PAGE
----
Natural heteroagglutinins for human red cells present in the serum of normal, mature rats, showing a “negative phase” in antibody titer following tumor implantation, have been characterized.

  1. The natural hemagglutinin peculiar to PA strain serum, reacting with human blood group AB and A cells, was found to be serologically related to the blood group A specific substance.

  2. None of the natural heteroagglutinins reacting with blood group B and O cells was serologically related to either the blood group B or the O (H) specific substances.

  3. The antibody causing agglutination in low titer of group B and O cells was shown to be reacting with a substance common to cells of all the four blood groups. This natural heteroagglutinin appears to be present in the serum of all three rat strains studied.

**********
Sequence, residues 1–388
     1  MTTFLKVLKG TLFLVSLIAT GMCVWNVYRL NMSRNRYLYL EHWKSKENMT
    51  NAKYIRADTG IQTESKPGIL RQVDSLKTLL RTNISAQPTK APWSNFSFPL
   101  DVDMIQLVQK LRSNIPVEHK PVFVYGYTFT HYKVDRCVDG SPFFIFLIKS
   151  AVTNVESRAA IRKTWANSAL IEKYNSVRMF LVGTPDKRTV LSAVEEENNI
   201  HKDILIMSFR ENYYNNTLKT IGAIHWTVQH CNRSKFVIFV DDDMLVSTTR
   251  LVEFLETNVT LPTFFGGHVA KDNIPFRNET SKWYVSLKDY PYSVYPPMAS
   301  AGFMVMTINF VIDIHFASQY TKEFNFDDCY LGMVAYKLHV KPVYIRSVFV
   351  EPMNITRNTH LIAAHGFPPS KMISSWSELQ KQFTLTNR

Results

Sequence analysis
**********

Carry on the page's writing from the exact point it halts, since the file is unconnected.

4. Trypsinization of cells of all four blood groups appears to “uncover” an antigen common to all the cells.

  5. The ability of normal rat serum to agglutinate the normal human group B and O erythrocytes would seem to depend upon the presence of an antigen on the cell surface.

  6. There is no indication that the natural hemagglutinins characterized in this study are heterophile or anti-species antibodies.


This investigation was supported in part by a research grant (C-1646 C3) to Dr. Paul M. Aptekman from the National Cancer Institute of the National Institutes of Health, Public Health Service.

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